Investor advocates who initially thought the mutual scandals would lead to a downward trend of mutual fund fees are now saying expenses paid by shareholders will remain steady this year and possibly rise in 2005, reports.
Experts such as Roy Weitz, who founded a popular Internet billboard known as, said the group of mutual fund companies that were cited for misconduct by regulators and subsequently ordered to lower fees are a small subset of the overall industry, which is still intent of hiking costs passed onto shareholders.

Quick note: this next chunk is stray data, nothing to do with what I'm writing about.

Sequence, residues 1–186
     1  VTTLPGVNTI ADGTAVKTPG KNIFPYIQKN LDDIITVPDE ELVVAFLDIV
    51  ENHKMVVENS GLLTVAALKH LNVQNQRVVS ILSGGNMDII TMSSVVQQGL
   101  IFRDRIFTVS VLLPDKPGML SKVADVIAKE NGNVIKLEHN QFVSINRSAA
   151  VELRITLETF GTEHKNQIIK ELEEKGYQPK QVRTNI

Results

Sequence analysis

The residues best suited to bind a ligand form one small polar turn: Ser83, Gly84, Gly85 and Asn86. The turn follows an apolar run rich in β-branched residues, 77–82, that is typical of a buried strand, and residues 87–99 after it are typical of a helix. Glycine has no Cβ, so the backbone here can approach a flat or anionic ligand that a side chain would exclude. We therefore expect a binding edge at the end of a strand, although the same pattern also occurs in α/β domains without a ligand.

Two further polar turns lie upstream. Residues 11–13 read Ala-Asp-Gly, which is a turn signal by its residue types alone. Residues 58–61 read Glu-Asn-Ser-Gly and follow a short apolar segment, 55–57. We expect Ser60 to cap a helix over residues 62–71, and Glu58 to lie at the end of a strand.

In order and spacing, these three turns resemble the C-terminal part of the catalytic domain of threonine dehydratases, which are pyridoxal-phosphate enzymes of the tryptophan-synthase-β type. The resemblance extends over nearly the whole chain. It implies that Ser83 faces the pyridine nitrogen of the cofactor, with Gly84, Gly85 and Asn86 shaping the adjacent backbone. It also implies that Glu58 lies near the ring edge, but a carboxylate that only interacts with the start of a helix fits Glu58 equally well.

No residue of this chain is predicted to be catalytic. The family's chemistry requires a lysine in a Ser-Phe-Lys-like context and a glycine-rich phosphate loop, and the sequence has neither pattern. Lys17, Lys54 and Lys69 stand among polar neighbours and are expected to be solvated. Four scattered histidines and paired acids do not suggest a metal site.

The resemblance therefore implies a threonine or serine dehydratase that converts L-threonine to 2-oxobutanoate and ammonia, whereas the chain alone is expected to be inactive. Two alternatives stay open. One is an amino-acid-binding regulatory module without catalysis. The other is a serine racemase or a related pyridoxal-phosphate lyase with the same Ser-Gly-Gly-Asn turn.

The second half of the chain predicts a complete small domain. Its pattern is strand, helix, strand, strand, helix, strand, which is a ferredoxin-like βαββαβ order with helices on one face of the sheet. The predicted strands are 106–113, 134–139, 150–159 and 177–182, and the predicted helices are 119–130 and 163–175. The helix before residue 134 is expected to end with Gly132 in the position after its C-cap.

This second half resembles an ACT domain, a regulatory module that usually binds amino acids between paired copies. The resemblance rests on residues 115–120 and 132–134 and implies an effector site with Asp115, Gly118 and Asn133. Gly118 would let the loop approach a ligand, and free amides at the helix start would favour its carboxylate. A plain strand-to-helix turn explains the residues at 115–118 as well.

Morningstar analyst Bridget Hughes concurs that the mutual fund providers that managed to escape New York Attorney General Eliot Spitzer's wrath are under no pressure to curb fees. Some of the companies targeted by Spitzer, such as Alliance Capital Management, were initially overpriced.
Other experts disagree that the outcome of scandals will have no affect on mutual fund fees. Geoff Bobroff, a mutual fund consultant, notes that trustees are under increased pressure to stand up for investors by clamping down on excessive fees. Any widespread reduction in fees amounts to reverse in trajectory for the mutual fund industry. The median total fee of all U.S. equity fund fees has grown to 1.45% in 2003 from 1.33% in 1999, according to Lipper.

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